If a police officer pulls you over on suspicion of DWI, he or she may ask you to take a field sobriety test or FST (e.g. walk-and-turn test, the one-leg stand test, the horizontal gaze nystagmus test). At the Law Offices of Kyle K. Shaw, PLLC, we can tell you that many, if not most, of our DWI clients thought that they “passed” each of the FSTs the police administered. Unfortunately, once we obtain discovery on the case, virtually all of them are surprised to learn that the report shows that they failed each of the tests or at least most of the tests.
It is important to understand that these tests are far from perfect and even more so if the officer is not administering them in accordance with the NHTSA guidelines. Additionally, there are certain things police officers will fail to tell you about FSTs.
The following are several things law enforcement authorities do not want you to know about field sobriety tests:
- You have the right to refuse them – You might be aware of the “implied consent” law that states you agree to consent to a BAC test. However, most people do not realize that you can still refuse the tests. The refusal just exposes you to greater penalties (a potentially longer drivers license suspension period) than if you consented to the test, took it and failed it.
- Officers have a bias – An officer who asks you to take an FST does so in with the belief that you are intoxicated. While you might think that you are being properly scored for your performance on an FST, law enforcement is actually gathering more evidence against you to establish probable cause to arrest you. The tests are not designed to allow you to prove your sobriety to get you back in your vehicle and down the road. They are designed to obtain evidence you are intoxicated. Anything you do on the test that is short of perfection and constitutes a “clue” will be deemed evidence of your intoxication whether it actually is or not.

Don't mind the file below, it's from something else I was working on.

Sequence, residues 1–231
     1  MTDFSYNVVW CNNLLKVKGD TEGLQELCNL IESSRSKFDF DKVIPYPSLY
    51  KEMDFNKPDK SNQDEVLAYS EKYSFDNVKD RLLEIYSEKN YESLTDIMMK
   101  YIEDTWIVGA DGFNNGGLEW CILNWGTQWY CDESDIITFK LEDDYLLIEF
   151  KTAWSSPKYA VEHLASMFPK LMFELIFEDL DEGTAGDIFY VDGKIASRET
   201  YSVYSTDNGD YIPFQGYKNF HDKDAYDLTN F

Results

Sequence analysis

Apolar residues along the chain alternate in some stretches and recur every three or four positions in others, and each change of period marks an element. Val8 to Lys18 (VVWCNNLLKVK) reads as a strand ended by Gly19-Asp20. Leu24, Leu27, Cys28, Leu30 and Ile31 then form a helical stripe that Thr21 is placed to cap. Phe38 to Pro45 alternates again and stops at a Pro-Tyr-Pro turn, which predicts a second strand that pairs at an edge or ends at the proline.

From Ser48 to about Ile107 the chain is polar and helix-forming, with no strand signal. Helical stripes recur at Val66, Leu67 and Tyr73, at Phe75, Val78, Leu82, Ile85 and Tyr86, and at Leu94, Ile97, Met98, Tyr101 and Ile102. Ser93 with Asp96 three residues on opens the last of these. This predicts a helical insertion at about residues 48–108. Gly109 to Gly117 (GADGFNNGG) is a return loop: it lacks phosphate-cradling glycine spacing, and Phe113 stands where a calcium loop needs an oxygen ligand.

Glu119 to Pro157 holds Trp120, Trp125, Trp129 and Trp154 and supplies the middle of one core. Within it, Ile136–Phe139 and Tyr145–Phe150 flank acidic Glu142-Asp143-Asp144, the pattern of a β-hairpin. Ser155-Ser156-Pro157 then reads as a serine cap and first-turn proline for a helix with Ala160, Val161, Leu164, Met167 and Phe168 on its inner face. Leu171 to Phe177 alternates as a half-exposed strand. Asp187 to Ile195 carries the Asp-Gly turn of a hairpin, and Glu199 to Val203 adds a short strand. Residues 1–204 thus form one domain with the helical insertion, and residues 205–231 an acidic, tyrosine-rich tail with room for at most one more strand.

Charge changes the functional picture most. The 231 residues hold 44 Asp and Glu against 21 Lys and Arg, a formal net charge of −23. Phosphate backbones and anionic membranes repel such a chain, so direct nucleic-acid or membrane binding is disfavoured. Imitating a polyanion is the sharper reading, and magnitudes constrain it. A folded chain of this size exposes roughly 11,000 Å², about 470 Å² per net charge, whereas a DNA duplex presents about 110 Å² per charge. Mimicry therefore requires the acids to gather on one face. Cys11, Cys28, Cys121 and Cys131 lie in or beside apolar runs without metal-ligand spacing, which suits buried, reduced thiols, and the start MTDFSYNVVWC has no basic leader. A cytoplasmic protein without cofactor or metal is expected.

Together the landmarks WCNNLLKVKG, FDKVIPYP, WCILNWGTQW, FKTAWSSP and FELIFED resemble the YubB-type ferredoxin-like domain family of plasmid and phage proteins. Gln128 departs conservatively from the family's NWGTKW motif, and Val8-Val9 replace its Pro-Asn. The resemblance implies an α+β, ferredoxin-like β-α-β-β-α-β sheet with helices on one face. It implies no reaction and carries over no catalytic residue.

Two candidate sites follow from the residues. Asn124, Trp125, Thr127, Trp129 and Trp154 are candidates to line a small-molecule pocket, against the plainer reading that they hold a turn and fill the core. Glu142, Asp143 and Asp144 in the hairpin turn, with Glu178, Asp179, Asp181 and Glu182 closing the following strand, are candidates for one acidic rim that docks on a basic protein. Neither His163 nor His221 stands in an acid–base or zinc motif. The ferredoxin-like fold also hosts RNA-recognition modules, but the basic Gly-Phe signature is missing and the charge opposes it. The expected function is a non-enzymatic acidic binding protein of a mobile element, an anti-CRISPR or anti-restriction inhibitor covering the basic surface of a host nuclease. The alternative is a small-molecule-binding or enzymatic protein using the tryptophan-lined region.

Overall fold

- These tests are highly subjective – The only person grading your performance is the officer. It is him or her alone who decides what constitutes a clue. Any unnatural body act, or even symptoms of a medical condition, can be considered as detrimental factors while being tested.
- These tests are inaccurate – According to a study during the late 1970s by the National Highway Traffic Safety Administration (NHTSA), they found that standardizing the tests gave the horizontal gaze nystagmus a 77 percent accuracy rate, the walk-and-turn a 68 percent accuracy rate, and the one-leg stand a 65 percent accuracy rate. When all three were used together, they were correct 82 percent of the time. These percentages were obtained from FST’s that were administered properly. While those numbers may sound high, would you trust your vehicle if it only stopped 82 percent of the time when you pushed the brake pedal? Would you trust a heart surgeon with an 82 percent success rate…or lost 18 percent of his patients?
If you are facing DUI charges in Allen, Texas, do not hesitate to seek the skilled and experienced representation you need to help you through this troubling time. At The Law Offices of Kyle K. Shaw, PLLC, defense attorney Kyle Shaw personally handles each step of his client’s defense. Backed by 20 years of experience, you can be confident in his ability to assist you. He will work tirelessly to provide the defense you deserve to protect your reputation, career, and your rights and freedom.
For more information, contact us and request a free consultation today.